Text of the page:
• Increase and decrease in dividend to shareholders: Dividends paid by non-financial private companies as a share of profits earned after tax, Payouts to shareholders surged in FY20, the year before the pandemic, but reduced in the following years.
  • Profit retention increased: Retained profits as a % of profit after tax surged to 63% in FY22 the highest in a decade (limited companies were analyzed in FY22, so data are provisional).
  • Profits are invested in equities: In FY21, the debt-to-equity ratio came down to 0.86 the lowest in at least three decades. In FY22 (provisional data), it came down further to 0.71.
  • Year on year decline in capital investment: Year on year change in the investments of non-financial private companies in fixed assets such as buildings, plants, machinery, transport and infrastructure have declined in recent years. But the year on year change in investments in financial instruments such as equity, debt and mutual funds have surged.


  • Corporates are holding their pockets in hope of demand rise in future. However, this affects the post-pandemic recovery of economy. IMF and RBI was right to revise their growth forecast this year. Unequal recovery of economy have certainly affected the income levels of middle class. Government has taken a lot of step on supply side (corporate side and banking reform) but no intervention in revival of demand.

Green Bonds to have Long Tenure, says Centre

Why in News?

  • Asserting that the issuance of sovereign green bonds is part of the government’s overall borrowing programme, Economic Affairs Secretary Ajay Seth has said these rupee-denominated papers will have long tenure to suit the Requirement of Green Infrastructure Projects.

About the News:

  • Finance Minister Nirmala Sitharaman in her Budget speech announced that the government proposes to issue sovereign green bonds to mobilise resources for green infrastructure.
  • The proceeds will be deployed in public sector projects which help in reducing the carbon intensity of the economy which is a part of the overall borrowing for the Next Financial Year.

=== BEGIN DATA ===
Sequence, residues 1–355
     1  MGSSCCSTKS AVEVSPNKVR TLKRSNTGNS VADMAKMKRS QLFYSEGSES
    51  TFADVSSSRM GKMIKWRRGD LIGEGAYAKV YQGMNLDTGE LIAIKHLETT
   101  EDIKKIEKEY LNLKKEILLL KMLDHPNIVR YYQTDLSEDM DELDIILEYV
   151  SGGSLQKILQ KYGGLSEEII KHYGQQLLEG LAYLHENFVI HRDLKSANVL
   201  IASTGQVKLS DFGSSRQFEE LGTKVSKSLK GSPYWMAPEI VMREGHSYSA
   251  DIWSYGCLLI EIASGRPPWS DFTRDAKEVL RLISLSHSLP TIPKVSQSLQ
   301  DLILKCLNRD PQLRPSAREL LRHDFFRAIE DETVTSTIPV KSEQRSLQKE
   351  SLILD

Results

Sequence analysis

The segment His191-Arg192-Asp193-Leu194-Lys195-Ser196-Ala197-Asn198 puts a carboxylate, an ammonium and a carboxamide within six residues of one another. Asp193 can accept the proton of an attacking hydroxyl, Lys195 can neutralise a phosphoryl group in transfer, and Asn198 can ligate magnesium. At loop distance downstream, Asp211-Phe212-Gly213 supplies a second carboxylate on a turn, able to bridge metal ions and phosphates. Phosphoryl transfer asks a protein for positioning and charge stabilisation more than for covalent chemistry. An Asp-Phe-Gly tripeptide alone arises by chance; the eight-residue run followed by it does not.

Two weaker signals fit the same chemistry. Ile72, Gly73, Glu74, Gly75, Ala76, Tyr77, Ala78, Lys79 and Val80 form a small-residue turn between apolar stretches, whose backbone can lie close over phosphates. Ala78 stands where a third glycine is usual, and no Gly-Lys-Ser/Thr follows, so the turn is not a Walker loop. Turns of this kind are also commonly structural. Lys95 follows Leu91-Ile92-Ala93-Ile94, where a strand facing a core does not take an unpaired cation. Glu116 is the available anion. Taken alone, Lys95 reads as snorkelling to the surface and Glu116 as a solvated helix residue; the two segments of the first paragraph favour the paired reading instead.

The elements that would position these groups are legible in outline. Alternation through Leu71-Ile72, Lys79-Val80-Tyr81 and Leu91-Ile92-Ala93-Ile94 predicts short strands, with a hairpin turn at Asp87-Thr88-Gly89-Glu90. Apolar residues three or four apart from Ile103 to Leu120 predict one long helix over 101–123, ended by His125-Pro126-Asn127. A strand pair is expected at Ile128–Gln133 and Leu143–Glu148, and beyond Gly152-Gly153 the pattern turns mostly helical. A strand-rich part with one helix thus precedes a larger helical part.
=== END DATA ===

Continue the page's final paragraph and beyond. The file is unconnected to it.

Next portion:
What is a Green Bond?

  • A green bond is a type of fixed-income instrument that is specifically earmarked to raise money for climate and environmental projects.
  • These bonds are typically asset-linked and backed by the issuing entity’s balance sheet, so they usually carry the same credit rating as their issuers’ other debt obligations.​
  • Green bonds may come with tax incentives to enhance their attractiveness to investors.
  • The World Bank is a major issuer of green bonds. It has issued 164 such bonds since 2008, worth a combined $14.4 billion. In 2020, the total issuance of green bonds was worth almost $270 billion, according to the Climate Bond Initiative.

How Does a Green Bond Work?

  • Green bonds work just like any other corporate or Government Bond.
  • Borrowers issue these securities in order to secure financing for projects that will have a positive environmental impact, such as ecosystem restoration or reducing pollution.
  • Investors who purchase these bonds can expect to make as the bond matures.
  • In addition, there are often Tax Benefits for Investing in Green Bonds.

Green Bonds Vs Blue Bonds:

  • Blue bonds are sustainability bonds to finance projects that protect the ocean and related ecosystems.
  • This can include projects to support sustainable Fisheries, protection of coral reefs and other Fragile Ecosystems, or reducing Pollution and Acidification.
  • All blue bonds are green bonds, but not all Green Bonds are blue bonds.

Green Bonds Vs Climate Bonds: